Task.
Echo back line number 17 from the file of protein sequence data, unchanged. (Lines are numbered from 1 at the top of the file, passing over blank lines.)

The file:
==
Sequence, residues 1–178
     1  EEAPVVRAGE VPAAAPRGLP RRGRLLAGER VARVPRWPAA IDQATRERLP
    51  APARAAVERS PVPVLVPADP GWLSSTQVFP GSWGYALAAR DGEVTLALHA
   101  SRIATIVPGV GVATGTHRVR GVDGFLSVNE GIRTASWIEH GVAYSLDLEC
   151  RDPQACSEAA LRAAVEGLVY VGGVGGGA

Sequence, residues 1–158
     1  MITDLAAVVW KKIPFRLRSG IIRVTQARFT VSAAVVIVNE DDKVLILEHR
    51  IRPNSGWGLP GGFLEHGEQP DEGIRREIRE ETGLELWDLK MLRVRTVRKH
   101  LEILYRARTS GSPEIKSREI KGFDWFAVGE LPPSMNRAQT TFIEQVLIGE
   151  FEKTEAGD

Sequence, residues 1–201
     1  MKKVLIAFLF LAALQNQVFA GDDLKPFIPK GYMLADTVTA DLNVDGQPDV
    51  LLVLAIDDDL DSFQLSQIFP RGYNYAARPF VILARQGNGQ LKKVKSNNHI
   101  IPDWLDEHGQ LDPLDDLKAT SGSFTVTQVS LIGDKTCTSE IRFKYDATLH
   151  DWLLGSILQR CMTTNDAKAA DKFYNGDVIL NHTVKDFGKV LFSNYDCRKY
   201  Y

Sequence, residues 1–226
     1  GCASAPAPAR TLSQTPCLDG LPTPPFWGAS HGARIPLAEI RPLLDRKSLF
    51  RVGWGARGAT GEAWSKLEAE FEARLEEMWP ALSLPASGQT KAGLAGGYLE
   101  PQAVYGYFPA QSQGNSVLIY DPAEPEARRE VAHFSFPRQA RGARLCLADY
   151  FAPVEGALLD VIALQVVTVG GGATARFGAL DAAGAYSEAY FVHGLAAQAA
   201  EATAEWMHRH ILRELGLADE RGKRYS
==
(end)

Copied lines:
Sequence, residues 1–226